Sex life and pelvic radiotherapy

Your cancer doctor or specialist nurse may advise you to wait for a few weeks to allow side effects to settle.

Pelvic radiotherapy may affect your fertility. But, if you could become pregnant or father a child, it is important to use effective contraception for sometime after having pelvic radiotherapy. This is because the effects of radiation may damage a baby conceived during this time. Your specialist doctor can tell you how long you will need to use contraception for. Your doctor or nurse can arrange support to help you cope with fertility issues.

Some men have erection difficulties after treatment but, there are effective treatments for this. Pelvic radiotherapy can also cause changes to ejaculation. Men who’ve had radioactive seeds placed in their prostate should use condoms for a few weeks to protect their partner.

Women may have vaginal changes. These can make sex uncomfortable. There are creams, lubricants and other treatments which can help.

If you are having sexual difficulties that don’t improve talk to your cancer doctor or specialist nurse. They are used to dealing with intimate problems.

Effects on your sex life

It can be difficult to talk about your sex life. But if you have any problems during or after your treatment, there are usually things that can help. You may have side effects that:

  • mean you do not feel like having sex
  • make having penetrative sex uncomfortable or painful.

Do not let embarrassment stop you from getting information that can help. Your team can give you advice and support. If you need expert advice, they can often arrange this for you.

If you identify as lesbian, gay, bisexual, transgender or LGBT+, you may worry about your healthcare team treating you insensitively. Many sexual difficulties caused by pelvic radiotherapy are similar whatever your sexuality. But you may have some specific questions. Having your sexual or gender identity acknowledged may help you feel more supported. It also means your healthcare team can give you the right information and advice.

If you feel unable to talk to your healthcare team about your sexuality, contact the LGBT Foundation. They have a helpline that can give you confidential advice and support.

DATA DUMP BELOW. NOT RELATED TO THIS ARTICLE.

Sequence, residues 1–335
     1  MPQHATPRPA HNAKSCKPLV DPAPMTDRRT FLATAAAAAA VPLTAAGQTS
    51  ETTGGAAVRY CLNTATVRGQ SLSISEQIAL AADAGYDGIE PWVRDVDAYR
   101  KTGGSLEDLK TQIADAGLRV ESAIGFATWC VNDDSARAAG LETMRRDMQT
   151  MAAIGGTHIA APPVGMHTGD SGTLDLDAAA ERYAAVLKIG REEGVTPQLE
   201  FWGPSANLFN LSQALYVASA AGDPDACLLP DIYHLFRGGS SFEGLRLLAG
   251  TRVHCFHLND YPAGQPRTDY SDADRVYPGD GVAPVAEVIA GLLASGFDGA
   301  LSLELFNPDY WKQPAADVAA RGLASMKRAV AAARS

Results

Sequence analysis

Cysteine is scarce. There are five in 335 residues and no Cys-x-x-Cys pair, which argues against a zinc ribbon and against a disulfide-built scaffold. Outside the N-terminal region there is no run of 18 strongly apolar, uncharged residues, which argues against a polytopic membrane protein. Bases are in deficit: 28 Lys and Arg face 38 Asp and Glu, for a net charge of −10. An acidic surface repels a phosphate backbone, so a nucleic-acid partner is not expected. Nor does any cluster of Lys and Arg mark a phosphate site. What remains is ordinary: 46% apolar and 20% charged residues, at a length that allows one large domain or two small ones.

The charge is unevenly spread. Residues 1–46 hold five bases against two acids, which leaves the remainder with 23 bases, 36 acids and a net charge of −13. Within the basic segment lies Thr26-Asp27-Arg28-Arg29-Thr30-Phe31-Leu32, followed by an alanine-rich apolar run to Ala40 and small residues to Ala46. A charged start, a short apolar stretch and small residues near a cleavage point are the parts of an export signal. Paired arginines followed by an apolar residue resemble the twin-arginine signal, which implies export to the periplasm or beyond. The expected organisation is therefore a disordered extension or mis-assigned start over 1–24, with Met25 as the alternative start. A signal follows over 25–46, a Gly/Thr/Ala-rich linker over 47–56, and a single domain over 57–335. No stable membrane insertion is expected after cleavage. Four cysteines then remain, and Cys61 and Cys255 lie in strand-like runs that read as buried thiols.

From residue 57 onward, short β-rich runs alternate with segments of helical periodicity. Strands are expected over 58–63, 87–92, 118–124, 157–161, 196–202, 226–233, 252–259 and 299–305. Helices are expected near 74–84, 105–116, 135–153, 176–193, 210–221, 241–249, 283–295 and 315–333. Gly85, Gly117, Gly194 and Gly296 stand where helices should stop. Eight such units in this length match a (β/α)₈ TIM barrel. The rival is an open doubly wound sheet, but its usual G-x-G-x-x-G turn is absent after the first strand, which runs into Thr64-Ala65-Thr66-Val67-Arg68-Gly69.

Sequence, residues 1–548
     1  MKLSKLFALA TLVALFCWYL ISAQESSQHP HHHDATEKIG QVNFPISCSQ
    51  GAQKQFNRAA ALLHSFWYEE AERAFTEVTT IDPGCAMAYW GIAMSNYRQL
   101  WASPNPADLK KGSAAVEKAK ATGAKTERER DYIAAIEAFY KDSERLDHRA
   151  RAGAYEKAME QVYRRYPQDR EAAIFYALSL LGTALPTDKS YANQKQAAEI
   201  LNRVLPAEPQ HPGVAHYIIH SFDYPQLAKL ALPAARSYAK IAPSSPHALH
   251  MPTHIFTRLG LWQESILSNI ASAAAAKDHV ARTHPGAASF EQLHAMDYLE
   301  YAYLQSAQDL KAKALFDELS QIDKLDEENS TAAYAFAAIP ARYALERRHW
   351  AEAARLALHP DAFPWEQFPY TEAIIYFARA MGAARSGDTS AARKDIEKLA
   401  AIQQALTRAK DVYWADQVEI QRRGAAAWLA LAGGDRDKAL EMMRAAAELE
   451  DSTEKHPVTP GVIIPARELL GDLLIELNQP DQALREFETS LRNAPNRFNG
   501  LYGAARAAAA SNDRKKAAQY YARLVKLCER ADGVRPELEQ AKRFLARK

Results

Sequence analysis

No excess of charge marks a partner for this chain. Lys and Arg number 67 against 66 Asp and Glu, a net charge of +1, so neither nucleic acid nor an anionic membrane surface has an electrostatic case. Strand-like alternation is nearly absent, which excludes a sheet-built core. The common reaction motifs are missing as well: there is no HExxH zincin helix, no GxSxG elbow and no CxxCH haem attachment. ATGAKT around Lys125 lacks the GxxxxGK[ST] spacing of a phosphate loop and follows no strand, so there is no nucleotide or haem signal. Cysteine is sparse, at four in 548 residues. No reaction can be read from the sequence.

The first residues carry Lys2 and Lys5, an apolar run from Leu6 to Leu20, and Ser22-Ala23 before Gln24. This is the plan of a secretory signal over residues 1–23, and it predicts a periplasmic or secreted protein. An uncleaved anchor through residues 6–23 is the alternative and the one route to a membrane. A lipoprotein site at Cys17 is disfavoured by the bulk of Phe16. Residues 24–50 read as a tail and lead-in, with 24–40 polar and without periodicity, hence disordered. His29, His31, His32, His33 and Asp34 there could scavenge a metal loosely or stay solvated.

Effects on your sex life

It can be difficult to talk about your sex life. But if you have any problems during or after your treatment, there are usually things that can help. You may have side effects that:

  • mean you do not feel like having sex
  • make having penetrative sex uncomfortable or painful
  • make it difficult to get, or keep, an erection.

Do not let embarrassment stop you from getting information that can help. Your team can give advice and support. If you need expert advice, they can often arrange this for you.

If you identify as gay, bisexual, transgender or LGBT+, you may worry about your healthcare team treating you insensitively. Many sexual difficulties caused by pelvic radiotherapy are similar whatever your sexuality. But you may have some specific questions. Having your sexual or gender identity acknowledged may help you feel more supported. It also means your healthcare team can give you the right information and advice.

If you feel unable to talk to your healthcare team about your sexuality, contact the LGBT Foundation. They have a helpline that can give you confidential advice and support.


Contraception

It is important that you do not get pregnant during your treatment. This is because radiotherapy can harm an unborn baby. You should use contraception to prevent pregnancy during your treatment and for a time after.

This is important even if you have been told that radiotherapy will stop your periods or make you unable to get pregnant. It is difficult to know exactly when your fertility will be affected. Even if your periods stop, you may still be able to get pregnant.

There are different types of contraception. The best ones to use during pelvic radiotherapy are a condom or cap (diaphragm). The contraceptive pill is less effective during treatment if you have side effects such as diarrhoea.

Ask your doctor or nurse if you have any questions about contraception.

Back to Pelvic radiotherapy explained

What is pelvic radiotherapy?

The pelvis is the lower part of the tummy between the hips. Radiotherapy to this area is called pelvic radiotherapy.

Side effects during treatment

You may have side effects during and shortly after your treatment. The healthcare team will help you to manage these.

After pelvic radiotherapy

Your radiotherapy team will explain any follow-up you need, how they can help and how you can help yourself.